Works Cited

Clayton, Peter. Great Figures of Mythology. New York: Cresent. 1990.

Frazer, Sir James. The Golden Bough. Denmark: Wordsworth. 1993.

Graves, Robert. New Larousse Encyclopedia of Mythology. New York: Promethus. 1959.

Hislop, The Rev. Alexander. The Two Babylons. Neptune: Loiyeaus. 1959.

Josephus, Flavius. Josephus: Complete Works. Standard ed. Trans. William Whinton. Philadelphia: Porter and Coates. 1984.

Lambert, W. G. and A. R. Millard. "Atrahasis." 1969. Reading the Old Testament, the Electronic Edition. Online. Internet. Available http:// hope.edu/academic/religion/bandstra/RTOT/CH1/CH1_2A3C.HTML (8 July 1998).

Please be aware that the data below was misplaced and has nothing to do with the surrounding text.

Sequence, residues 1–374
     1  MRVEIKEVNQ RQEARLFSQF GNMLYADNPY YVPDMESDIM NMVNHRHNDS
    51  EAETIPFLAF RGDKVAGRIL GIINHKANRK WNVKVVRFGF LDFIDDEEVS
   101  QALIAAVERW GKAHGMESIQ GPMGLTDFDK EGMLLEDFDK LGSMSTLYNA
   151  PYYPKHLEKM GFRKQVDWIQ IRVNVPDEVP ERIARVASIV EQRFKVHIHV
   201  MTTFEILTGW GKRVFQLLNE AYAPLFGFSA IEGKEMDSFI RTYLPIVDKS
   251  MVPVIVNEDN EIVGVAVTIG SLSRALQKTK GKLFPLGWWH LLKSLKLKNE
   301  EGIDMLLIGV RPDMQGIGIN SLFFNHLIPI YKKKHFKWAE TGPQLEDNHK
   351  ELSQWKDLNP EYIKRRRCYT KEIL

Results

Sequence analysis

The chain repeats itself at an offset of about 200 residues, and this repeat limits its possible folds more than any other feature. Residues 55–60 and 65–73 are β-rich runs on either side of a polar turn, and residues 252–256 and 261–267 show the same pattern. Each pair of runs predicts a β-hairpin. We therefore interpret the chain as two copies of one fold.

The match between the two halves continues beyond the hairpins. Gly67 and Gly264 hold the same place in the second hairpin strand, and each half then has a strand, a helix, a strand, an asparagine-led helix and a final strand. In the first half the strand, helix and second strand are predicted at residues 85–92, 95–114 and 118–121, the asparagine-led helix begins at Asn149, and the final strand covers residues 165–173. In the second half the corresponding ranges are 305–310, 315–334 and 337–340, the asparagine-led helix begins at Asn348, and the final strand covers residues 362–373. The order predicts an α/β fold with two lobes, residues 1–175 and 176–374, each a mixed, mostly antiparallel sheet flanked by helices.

Ridpath, John Clark. History of the World. Vol 1. Cincinnati: Ridpath Historical Society. 1936. 9 vols.

Wallbank, T. Walter, Alastair M. Taylor, and Nels M. Bailkey. Civilization Past and Present. Chicago: Scott, Foreman, and Co. 1962.

Woodrow, Ralph Edward. Babylon Mystery Religion. Riverside: Woodrow. 1993.

Some Links to Nimrod Sites (They don't all agree in "Fact")